An Interdisciplinary Study to Examine Obesity and Inactivity as Early Predictors of Gestational Diabetes

2.50
Hdl Handle:
http://hdl.handle.net/10755/602681
Category:
Full-text
Format:
Text-based Document
Type:
Poster
Title:
An Interdisciplinary Study to Examine Obesity and Inactivity as Early Predictors of Gestational Diabetes
Author(s):
Amason, Janeen S.; Shabo, Rebecca L.; Ingram, Katherine H.; Shabo, Rebecca L.; Ingram, Katherine H.
Lead Author STTI Affiliation:
Mu Phi
Author Details:
Janeen S. Amason, RN, jamason1@kennesaw.edu; Rebecca L. Shabo, RN; Katherine H. Ingram, MS
Abstract:
Session presented on Monday, November 9, 2015 and Tuesday, November 10, 2015: Gestational Diabetes (GD) is a serious condition that affects approximately 9% of pregnancies and is characterized by an insufficient response of blood glucose to the actions of insulin. In early pregnancy, GD can result in birth defects, over-nutrition, and large babies that increase risks of childbirth. The offspring are more likely to develop obesity and diabetes within their lifetimes. The risks of these disorders perpetuate a transgenerational cycle of obesity and diabetes, underscoring the need for effective interventions that reduce maternal obesity and GD. The current standard of care involves testing for GD during month six of pregnancy, however earlier prediction of GD could lead to earlier lifestyle intervention and a better outcome for both mother and baby. Obesity and inactivity are major modifiable risk factors for GD. It is unknown which of these risk factors is most predictive of insulin resistance during pregnancy. This interdisciplinary study involving nursing and exercise science examines which early measures of obesity and inactivity can serve as early clinical predictors of gestational insulin resistance or GD. First time pregnant women, aged 18 to 34, are recruited during their first prenatal visit. Participants receive body composition measurements in the exercise science laboratory and complete a physical activity questionnaire. Participants also wear an accelerometer to collect motion data. At 24-28 weeks, fasting plasma glucose and insulin levels are collected to compute the homeostasis model assessment of insulin resistance (HOMA-IR). Preliminary data on the impact of early measures of obesity and inactivity on gestational insulin resistance and GD in primigravida women will be presented. Predicting GD early in pregnancy will provide healthcare workers an opportunity to intervene in order to prevent or delay the onset of this disease. The goal of this collaborative project is to create a predictive model for early identification and prevention of GD.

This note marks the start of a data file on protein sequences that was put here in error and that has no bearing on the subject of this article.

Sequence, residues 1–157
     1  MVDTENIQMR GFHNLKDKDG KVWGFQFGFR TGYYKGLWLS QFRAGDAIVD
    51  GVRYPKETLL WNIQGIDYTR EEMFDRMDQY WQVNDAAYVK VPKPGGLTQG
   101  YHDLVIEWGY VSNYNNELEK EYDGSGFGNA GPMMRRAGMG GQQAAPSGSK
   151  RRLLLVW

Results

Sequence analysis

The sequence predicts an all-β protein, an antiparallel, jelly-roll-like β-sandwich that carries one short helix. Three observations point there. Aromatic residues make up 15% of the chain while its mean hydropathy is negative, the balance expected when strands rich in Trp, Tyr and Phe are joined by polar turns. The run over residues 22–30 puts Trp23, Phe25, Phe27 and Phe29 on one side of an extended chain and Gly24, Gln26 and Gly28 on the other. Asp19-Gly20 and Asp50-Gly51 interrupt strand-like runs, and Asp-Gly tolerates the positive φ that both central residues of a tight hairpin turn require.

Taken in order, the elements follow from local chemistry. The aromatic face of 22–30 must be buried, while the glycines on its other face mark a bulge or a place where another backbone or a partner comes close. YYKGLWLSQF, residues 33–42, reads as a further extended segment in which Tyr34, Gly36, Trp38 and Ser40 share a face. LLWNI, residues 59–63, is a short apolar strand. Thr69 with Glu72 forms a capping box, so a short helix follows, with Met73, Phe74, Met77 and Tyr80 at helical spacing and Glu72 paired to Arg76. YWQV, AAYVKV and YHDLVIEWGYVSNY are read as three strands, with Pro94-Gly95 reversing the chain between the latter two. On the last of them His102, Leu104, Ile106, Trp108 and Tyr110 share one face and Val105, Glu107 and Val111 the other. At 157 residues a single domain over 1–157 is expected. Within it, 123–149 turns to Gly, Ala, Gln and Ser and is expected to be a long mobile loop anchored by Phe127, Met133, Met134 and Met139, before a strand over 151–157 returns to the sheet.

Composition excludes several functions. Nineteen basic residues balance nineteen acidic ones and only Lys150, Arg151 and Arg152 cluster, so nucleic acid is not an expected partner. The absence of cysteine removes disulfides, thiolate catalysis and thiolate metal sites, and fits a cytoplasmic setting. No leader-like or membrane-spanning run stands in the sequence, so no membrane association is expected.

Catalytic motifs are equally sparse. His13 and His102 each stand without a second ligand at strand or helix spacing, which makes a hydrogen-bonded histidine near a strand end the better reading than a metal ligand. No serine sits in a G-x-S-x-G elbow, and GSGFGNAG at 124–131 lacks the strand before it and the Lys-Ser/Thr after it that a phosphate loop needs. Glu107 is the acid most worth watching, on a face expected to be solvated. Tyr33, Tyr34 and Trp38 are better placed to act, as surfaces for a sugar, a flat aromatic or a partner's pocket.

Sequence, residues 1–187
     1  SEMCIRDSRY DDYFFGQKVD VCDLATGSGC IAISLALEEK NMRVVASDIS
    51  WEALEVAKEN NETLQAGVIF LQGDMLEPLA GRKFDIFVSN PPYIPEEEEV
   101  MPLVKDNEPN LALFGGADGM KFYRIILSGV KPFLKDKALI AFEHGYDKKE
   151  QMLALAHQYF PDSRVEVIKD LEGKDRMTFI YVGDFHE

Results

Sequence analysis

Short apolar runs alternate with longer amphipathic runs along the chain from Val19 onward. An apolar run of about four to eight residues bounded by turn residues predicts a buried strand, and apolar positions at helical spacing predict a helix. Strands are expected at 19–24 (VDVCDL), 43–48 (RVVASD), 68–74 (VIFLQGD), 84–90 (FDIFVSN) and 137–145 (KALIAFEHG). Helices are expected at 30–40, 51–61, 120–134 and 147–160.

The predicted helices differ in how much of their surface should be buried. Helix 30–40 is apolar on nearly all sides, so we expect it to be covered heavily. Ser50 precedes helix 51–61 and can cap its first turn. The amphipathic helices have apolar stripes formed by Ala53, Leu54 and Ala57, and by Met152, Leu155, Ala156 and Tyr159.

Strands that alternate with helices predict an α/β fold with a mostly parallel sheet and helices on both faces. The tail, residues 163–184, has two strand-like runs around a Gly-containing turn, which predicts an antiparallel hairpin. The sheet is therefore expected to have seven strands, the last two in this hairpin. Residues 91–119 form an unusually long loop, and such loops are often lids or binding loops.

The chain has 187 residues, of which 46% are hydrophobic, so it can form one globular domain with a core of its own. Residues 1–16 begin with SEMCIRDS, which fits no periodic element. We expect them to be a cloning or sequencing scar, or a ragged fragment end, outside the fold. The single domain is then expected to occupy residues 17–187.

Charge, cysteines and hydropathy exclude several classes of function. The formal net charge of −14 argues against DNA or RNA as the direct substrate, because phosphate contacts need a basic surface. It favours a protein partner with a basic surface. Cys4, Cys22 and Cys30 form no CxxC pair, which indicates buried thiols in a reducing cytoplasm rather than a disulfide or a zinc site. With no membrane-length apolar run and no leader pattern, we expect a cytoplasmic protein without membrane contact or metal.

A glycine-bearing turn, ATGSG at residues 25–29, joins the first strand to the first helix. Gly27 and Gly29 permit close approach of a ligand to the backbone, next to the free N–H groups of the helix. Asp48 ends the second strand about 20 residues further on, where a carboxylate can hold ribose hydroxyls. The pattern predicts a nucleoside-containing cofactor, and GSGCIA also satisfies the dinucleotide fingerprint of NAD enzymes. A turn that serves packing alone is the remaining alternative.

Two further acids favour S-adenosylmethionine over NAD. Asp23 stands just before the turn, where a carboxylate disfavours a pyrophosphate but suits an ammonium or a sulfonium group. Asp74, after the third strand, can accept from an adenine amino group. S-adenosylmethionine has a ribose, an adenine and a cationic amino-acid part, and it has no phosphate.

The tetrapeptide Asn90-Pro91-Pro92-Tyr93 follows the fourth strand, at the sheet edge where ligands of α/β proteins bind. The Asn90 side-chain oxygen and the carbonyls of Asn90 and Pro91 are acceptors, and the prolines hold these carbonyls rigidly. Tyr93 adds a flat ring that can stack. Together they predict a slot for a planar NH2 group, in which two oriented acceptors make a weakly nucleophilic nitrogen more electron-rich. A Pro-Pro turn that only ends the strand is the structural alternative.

Keywords:
Gestational Diabetes; Obesity; Inactivity in Pregnant Women
Repository Posting Date:
21-Mar-2016
Date of Publication:
21-Mar-2016
Other Identifiers:
CONV15CL2.5
Conference Date:
2015
Conference Name:
43rd Biennial Convention
Conference Host:
Sigma Theta Tau International, the Honor Society of Nursing
Conference Location:
Las Vegas, Nevada, USA
Description:
43rd Biennial Convention 2015 Theme: Serve Locally, Transform Regionally, Lead Globally.`

Full metadata record

DC FieldValue Language
dc.language.isoen_USen
dc.type.categoryFull-texten
dc.formatText-based Documenten